“The bond of our common humanity is stronger than the divisiveness of our fears and prejudices ” Jimmy Carter
We began our day today with a visit to the State Museum at Majdanek and a meeting with the Head of the Education Department. She explained to us the philosophy of education at the museum is the “pedagogy of remembrance.” We learned about two famous survivors of Majdanek Halina Birenbaum and Pincas Gutter. We viewed a film of Pincas’s testimony and retraced his footsteps through the camp. The camp was located three miles east southeast of Lublin on the road that led to Chelm.
On a visit to Lublin on July 20-21, 1941, four weeks after the invasion of the Soviet Union, SS chief Heinrich Himmler ordered the SS and Police Leader for District Lublin, SS Major General Odilo Globocnik, to establish a large concentration camp in Lublin with the capacity to hold up to 50,000 prisoners.
Our guide, David’s, grandfather helped liberate this camp- there were piles and piles of shoes stolen from murdered people there at that time. The death count estimates were high on account of the numbers of shoes. Majdanek was actually a sorting and distribution center for the surrounding death camps of Treblinka, Sobibor, and Belzec. Now shoes are symbolic to survivors, shoes meant life or death to the prisoners. David also told us about being with survivor Pinchas Gutter as he retraced his steps through the camp. These touching personal stories and connections made our visit very meaningful and memorable.
The purpose of the camp was to provide forced laborers to work on construction projects for proposed SS and police bases throughout eastern Poland and the occupied Soviet Union. These facilities were intended to be militarized and industrialized agricultural complexes around which permanent German settlements in eastern Europe would grow and expand, after the Germans physically annihilated Jews and members of the Polish and Soviet leadership elites. Prisoners at Majdanek were to provide labor for the establishment of the initial SS and police base in Lublin. Since Polish workers, due to forced deportations to the Reich to meet labor needs there, had already become scarce, Himmler and Globocnik planned to incarcerate Jewish forced laborers in Majdanek. Majdanek was unique among concentration camps in that Globocnik, as regional SS and police leader, exercised unusually close control over the operations of the camp—particularly within the framework of “Operation Reinhard,” until his departure from Lublin in September 1943. “Operation Reinhard,” implemented under Globocnik’s supervision between October 1941 and November 1943, had four goals:
1) the physical annihilation of the Jews residing in the general government 2) the exploitation of some Jews selected to survive temporarily as forced laborers; 3) the seizure, evaluation, and recycling of clothing, personal property, valuables, and currency taken from the murdered Jews at the killing centers; and 4) the identification of so-called hidden assets of the Jews in the general government.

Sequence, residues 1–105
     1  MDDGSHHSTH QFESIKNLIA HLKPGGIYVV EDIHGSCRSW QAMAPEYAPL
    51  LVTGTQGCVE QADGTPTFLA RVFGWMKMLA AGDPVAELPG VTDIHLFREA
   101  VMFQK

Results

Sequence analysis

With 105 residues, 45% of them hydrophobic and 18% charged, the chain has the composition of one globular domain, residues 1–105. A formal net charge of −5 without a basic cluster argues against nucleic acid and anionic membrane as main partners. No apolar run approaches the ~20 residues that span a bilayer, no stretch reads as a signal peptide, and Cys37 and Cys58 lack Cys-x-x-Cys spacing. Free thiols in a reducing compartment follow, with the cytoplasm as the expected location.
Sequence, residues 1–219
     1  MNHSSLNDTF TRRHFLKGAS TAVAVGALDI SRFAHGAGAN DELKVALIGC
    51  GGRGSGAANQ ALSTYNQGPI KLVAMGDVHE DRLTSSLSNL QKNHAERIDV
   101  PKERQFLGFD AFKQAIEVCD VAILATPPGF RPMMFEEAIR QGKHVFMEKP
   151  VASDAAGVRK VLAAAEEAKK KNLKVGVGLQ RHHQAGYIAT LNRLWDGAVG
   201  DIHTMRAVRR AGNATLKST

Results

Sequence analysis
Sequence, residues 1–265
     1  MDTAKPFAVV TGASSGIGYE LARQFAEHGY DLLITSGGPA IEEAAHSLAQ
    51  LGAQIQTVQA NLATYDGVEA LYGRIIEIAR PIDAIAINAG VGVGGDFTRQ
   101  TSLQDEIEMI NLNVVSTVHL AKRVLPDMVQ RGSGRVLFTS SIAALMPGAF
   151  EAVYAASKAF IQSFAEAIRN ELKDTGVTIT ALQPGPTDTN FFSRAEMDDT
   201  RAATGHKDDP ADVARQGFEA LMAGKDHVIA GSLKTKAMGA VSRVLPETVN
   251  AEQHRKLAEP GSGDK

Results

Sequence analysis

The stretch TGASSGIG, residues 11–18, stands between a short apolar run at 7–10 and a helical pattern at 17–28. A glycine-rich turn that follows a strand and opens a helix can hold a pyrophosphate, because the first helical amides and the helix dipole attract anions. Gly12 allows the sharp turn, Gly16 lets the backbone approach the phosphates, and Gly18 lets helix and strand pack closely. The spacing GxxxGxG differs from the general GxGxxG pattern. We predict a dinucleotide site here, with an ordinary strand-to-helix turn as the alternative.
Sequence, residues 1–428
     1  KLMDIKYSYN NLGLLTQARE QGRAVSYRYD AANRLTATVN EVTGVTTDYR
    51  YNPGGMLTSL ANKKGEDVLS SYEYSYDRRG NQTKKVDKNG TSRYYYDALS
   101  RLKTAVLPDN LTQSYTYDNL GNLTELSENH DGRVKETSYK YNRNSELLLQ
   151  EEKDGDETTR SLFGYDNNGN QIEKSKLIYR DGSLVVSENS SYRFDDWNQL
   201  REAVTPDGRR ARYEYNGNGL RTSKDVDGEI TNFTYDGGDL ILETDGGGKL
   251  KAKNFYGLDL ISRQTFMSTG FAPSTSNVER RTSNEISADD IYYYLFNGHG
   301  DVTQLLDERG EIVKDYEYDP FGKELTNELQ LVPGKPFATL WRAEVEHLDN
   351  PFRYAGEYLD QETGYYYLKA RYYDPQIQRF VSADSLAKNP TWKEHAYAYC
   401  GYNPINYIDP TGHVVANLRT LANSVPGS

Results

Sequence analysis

Within the framework of Operation Reinhard, Majdanek primarily served to concentrate Jews whom the Germans spared temporarily for forced labor. It occasionally functioned as a killing site to murder victims who could not be killed at the Operation Reinhard killing centers: Belzec, Sobibor, and Treblinka II. It also contained a storage depot for property and valuables taken from the Jewish victims at the killing centers. Like other concentration camps in the Reich, Majdanek also served as a killing site for targeted groups of individuals, including members of the Polish resistance, hostages taken from the Security Police prison in Lublin, and prisoners in the camp itself who were deemed no longer capable of work.
From October 1941 until August 1942, Majdanek was commanded by SS Colonel Karl Koch. After Koch’s arrest for corruption, SS Major Max Koegel was commandant until November 1942, when he was replaced by Lieutenant Colonel Hermann Florstedt, who himself was arrested on suspicion of corruption in late October 1943. SS Lieutenant Colonel Martin Weiss commanded Majdanek from November 1, 1943, until May 5, 1944. SS Lieutenant Colonel Arthur Liebehenschel then oversaw the camp until the Germans abandoned it in late July. Though originally planned for the incarceration of 50,000 prisoners, it never held that many concentration camp prisoners at one time. Majdanek was eventually divided into six compounds. In the fall of 1943, Compound I was a women’s camp; Compound II was a field hospital for Russian collaborators attached to the German army; Compound III was a men’s camp for Polish political prisoners, as well as Jews from Warsaw and Bialystok; Compound IV was a camp for men, mainly Soviet prisoners of war, civilian hostages, and political prisoners; Compound V served as a men’s hospital camp; and Compound VI, a largely undeveloped compound, was intended for additional barracks, crematoria, gas chambers, and factories. The Germans did not complete construction of this last compound before the camp was liberated.
Following Majdanek, we spent a few hours in Lublin Old Town which is one of the most precious Polish complexes of historic buildings. The Crown Tribunal and the 14th-century Kraków Gate leading from the Old Town to the city center are commonly considered symbols of the city. The district is one of Poland’s official national Historic Monuments (Pomnik historii), as designated May 16, 2007, and tracked by the National Heritage Board of Poland.
Tomorrow morning we depart for a visit to Tykochin and Treblinka.